Renal tuberculosis is one of the most common forms of extrapulmonary infection by Mycobacterium tuberculosis, usually developing as a result of hematogenous dissemination from the lungs. Hematuria, nocturia, and abdominal or pelvic pain are main symptoms. The diagnosis is made through a comprehensive clinical assessment, urinalysis, and imaging studies such as abdominal ultrasonography, invasive renal procedures, and computed tomography, whereas microbiological studies - cultivation, or polymerase chain reaction (PCR) testing, is necessary as well.
With approximately 9 million new cases being diagnosed each year, tuberculosis is globally an important disease that is primarily causing infections in the African and Asian continents, and only a minority of patients are from Europe and the United States of America  . Apart from pulmonary tuberculosis, many extrapulmonary forms of the disease have been described in the literature, and one of the most important and most common is renal tuberculosis, comprising from 15%-27% of all extrapulmonary cases   . The pathogenesis stems from hematogenous spread of M. tuberculosis from the lungs to the kidneys, often in the absence of symptoms that could suggest an ongoing process in the pulmonary system . After a variable incubation period, the clinical presentation of renal tuberculosis resembles a urinary tract infection (UTI) - dysuria, nocturia, pain in the flank, abdomen, or pelvis    . Hematuria, appearing as an isolated symptom, is an important clue toward renal tuberculosis, but it may also be accompanied by proteinuria and sometimes pyuria   . Typical symptoms encountered in pulmonary tuberculosis, such as fever, weight loss, and night sweats are uncommon . However, more severe infections can lead to marked kidney damage, resulting in obstructive uropathy and loss of kidney function that progresses to renal failure and end-stage renal disease   . For this reason, an early diagnosis is vital.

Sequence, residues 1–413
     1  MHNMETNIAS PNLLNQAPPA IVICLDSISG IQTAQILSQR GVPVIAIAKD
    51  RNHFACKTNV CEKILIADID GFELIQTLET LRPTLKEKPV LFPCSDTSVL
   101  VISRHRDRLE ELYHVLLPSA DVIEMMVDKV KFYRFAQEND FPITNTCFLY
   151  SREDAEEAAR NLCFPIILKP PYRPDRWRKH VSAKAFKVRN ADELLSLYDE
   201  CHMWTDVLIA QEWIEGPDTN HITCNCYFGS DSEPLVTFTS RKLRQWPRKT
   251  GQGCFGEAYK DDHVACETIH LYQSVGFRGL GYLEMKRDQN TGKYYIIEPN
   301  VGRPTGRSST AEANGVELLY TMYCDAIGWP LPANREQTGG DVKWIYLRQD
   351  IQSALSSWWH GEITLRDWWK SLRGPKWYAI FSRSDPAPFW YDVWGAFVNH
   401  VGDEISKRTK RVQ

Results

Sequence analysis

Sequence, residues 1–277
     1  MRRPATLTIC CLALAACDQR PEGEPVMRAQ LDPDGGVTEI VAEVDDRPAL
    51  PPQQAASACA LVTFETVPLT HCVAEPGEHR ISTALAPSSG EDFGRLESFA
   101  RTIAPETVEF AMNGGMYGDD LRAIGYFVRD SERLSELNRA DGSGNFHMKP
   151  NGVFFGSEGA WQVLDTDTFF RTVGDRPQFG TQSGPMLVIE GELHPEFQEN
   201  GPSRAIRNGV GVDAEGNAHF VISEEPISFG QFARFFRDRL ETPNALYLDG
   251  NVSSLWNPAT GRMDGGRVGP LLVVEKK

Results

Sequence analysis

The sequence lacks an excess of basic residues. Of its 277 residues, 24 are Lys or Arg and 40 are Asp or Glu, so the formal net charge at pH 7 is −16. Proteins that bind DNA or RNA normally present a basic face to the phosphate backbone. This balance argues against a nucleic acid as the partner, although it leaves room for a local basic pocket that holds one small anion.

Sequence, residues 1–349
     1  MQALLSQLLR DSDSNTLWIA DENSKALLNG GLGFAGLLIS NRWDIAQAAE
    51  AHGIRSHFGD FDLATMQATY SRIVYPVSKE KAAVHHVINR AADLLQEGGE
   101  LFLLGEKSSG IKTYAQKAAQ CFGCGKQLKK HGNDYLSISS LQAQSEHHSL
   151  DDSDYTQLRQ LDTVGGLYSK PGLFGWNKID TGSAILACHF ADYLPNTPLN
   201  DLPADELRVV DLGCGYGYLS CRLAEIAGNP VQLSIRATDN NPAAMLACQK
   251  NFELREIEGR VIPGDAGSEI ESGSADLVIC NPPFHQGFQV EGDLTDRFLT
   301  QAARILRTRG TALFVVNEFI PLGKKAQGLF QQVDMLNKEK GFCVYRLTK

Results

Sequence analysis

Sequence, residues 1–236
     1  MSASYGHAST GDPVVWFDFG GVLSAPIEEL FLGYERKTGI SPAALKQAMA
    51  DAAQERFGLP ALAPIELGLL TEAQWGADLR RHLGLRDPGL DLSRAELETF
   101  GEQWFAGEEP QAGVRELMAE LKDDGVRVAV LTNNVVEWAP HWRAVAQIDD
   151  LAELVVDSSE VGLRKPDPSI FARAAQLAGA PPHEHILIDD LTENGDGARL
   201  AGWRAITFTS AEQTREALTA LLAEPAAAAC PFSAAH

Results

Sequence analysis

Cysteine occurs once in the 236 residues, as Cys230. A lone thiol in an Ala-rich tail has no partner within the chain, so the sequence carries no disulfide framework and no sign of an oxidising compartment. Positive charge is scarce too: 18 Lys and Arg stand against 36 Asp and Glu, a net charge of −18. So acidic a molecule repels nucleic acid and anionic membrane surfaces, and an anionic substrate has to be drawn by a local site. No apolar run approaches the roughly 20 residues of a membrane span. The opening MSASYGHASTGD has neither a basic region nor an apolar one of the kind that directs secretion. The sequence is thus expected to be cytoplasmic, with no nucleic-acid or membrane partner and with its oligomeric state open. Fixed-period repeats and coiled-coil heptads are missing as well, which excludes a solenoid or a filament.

With a properly obtained patient history and a detailed physical examination, sufficient evidence may be obtained to pursue a diagnosis of renal tuberculosis. As immunosuppression is one of the main risk factors for an infection by M. tuberculosis, patients should be asked about underlying illnesses (for example, human immunodeficiency virus infection, transplantation, dialysis, etc.) , but also if they already suffered from tuberculosis, since about 25% of cases were previously diagnosed with pulmonary tuberculosis . After assessing the presence of signs and symptoms that are further evaluated during the physical examination, a full laboratory workup and urinalysis should be performed. In addition to hematuria and proteinuria, sterile pyuria is a hallmark of tuberculosis, in which case more advanced microbiological studies are necessary. Acid-fast staining (by using Ziehl-Neelsen stain) and cultivation of at least three urine samples obtained in the morning on the Lowenstein-Jensen medium are highly successful methods for detecting M. tuberculosis, yielding a positive rate of up to 95%   . But as mycobacteria grow very slowly on these media, approximately 6-8 weeks need to pass before a definite diagnosis can be made, which is why more advanced methods that detect bacterial DNA (like PCR) are often used . Imaging procedures (ultrasonography, computed tomography, magnetic resonance imaging, intravenous urography, chest X-rays) are equally important for assessing the status of the kidneys and potentially reveal any pathological lesions     .